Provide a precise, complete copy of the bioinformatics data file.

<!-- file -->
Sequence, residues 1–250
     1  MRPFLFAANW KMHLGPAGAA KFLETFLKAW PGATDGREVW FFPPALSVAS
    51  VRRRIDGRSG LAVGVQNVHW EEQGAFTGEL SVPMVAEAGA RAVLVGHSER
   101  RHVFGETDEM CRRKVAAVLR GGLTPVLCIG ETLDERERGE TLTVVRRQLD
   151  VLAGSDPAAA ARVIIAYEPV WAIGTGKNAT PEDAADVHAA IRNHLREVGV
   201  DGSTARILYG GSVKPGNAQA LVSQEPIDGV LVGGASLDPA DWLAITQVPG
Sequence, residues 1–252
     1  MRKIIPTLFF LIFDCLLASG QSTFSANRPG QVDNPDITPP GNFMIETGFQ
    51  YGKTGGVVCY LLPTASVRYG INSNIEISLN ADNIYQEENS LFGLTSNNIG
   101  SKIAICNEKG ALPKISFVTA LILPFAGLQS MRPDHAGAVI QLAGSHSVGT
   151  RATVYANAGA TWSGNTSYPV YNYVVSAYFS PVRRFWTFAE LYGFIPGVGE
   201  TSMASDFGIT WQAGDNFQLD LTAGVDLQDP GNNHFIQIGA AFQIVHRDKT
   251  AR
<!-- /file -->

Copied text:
Sequence, residues 1–250
     1  MRPFLFAANW KMHLGPAGAA KFLETFLKAW PGATDGREVW FFPPALSVAS
    51  VRRRIDGRSG LAVGVQNVHW EEQGAFTGEL SVPMVAEAGA RAVLVGHSER
   101  RHVFGETDEM CRRKVAAVLR GGLTPVLCIG ETLDERERGE TLTVVRRQLD
   151  VLAGSDPAAA ARVIIAYEPV WAIGTGKNAT PEDAADVHAA IRNHLREVGV
   201  DGSTARILYG GSVKPGNAQA LVSQEPIDGV LVGGASLDPA DWLAITQVPG
Sequence, residues 1–252
     1  MRKIIPTLFF LIFDCLLASG QSTFSANRPG QVDNPDITPP GNFMIETGFQ
    51  YGKTGGVVCY LLPTASVRYG INSNIEISLN ADNIYQEENS LFGLTSNNIG
   101  SKIAICNEKG ALPKISFVTA LILPFAGLQS MRPDHAGAVI QLAGSHSVGT
   151  RATVYANAGA TWSGNTSYPV YNYVVSAYFS PVRRFWTFAE LYGFIPGVGE
   201  TSMASDFGIT WQAGDNFQLD LTAGVDLQDP GNNHFIQIGA AFQIVHRDKT
   251  AR